--> The Manifest of the Turku School

Foreword 2000
Foreword 2001

The Manifest
Chapter I
Chapter II
Chapter III
Chapter IV
Chapter V
Chapter VI

Vow of Chastity


The relationships between the Turkuists and the opposing schools.

After what has been said above, it is obvious what the relationship between the Turku School and any other schools and ways of thinking is - that is, the relationship between the Turkuists, the gamists and the dramatists.

The Turku School struggles for the immediate and long-term goals of the eläytyjist and simulationist role-players, but presently it also stands for the future of all role-playing. In Norway the dramatists are trying to re-invent theatre, but there the word of the Turku School still brings hope to the oppressed simulationists. In the United States the gamists are trying to de-evolve role-playing back into moving little pieces of plastic on a board, but even in that world of darkness the Turku School sheds light to the eläytyjist movement.

The members and friends of the Turku School are spreading the radical views of the manifest all around the world - lately including Stockholm, New Jersey, Helsinki, Istanbul, Vienna, Oslo and Paris. In London the local gaming store refused to sell the Manifest because it didn't have any pictures.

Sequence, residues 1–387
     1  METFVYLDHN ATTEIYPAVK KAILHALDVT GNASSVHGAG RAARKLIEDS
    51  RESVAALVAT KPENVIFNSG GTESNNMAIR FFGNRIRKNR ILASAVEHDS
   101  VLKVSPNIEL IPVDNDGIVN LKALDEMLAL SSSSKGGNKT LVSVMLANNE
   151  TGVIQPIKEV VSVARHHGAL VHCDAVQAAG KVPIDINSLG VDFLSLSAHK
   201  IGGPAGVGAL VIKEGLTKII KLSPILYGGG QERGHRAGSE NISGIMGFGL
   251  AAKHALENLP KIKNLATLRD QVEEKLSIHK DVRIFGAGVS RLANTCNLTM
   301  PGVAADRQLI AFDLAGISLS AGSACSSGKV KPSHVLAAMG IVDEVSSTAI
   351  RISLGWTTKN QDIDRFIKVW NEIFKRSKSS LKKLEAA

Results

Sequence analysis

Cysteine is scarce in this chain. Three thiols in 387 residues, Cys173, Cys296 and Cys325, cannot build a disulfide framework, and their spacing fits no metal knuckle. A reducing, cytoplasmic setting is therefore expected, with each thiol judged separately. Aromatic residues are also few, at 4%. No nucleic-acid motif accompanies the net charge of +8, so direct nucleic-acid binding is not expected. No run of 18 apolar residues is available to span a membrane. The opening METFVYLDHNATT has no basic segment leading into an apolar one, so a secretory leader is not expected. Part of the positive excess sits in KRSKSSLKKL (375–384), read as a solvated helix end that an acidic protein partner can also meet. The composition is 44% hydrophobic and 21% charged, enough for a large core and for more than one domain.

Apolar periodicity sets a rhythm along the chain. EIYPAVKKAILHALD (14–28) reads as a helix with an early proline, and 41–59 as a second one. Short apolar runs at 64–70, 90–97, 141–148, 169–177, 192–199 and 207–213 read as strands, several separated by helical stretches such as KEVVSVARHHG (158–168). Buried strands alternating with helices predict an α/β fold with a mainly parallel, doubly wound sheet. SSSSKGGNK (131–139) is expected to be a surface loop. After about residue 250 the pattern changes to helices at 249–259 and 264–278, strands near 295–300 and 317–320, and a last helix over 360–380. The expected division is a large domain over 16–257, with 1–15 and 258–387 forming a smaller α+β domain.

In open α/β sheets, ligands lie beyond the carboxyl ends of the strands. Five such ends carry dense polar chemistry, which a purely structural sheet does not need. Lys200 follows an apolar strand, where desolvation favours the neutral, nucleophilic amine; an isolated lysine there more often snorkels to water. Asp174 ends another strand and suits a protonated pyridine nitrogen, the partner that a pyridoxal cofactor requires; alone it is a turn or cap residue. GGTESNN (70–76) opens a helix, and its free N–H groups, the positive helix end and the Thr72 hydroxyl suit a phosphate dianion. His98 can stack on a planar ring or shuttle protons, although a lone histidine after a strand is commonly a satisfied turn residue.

Yet, despite its international achievements, even in its native Turku the school is struggling against the short-sighted, the conservative, and above all, the gamist and dramatist schools.

The Turku School now has its eyes mostly set on the Nordic countries, because they live the dawn of role-playing revolution. Compared to the Nordic countries of the early and late 1990s, this revolution is characterized by the more advanced role-playing community and especially the ever-increasing number of newbies. Thus the role-playing revolution of Northern Europe can only be a prelude to the Turkuist revolution.

To put it shortly, the Turku School supports any and all revolutionary role-players’ movement directed against the current gamist and dramatist circumstances.

In all these movements the Turkuists put the question of character eläytyminen and society simulation above all others.

The Turku School thinks it despicable to hide one’s views and intentions. Turkuists openly admit that their goals can only be achieved by taking down by force the current system of role-playing. Let the gamist and dramatist classes shiver before the Turkuist revolution. The simulationists and the eläytyjists have nothing to lose but their chains. But they have the whole world to win.